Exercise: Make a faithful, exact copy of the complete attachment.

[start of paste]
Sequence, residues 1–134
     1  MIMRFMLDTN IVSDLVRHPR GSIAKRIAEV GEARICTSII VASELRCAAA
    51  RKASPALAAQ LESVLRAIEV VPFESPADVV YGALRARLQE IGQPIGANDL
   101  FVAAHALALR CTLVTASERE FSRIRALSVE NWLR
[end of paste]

Sequence, residues 1–134
     1  MIMRFMLDTN IVSDLVRHPR GSIAKRIAEV GEARICTSII VASELRCAAA
    51  RKASPALAAQ LESVLRAIEV VPFESPADVV YGALRARLQE IGQPIGANDL
   101  FVAAHALALR CTLVTASERE FSRIRALSVE NWLR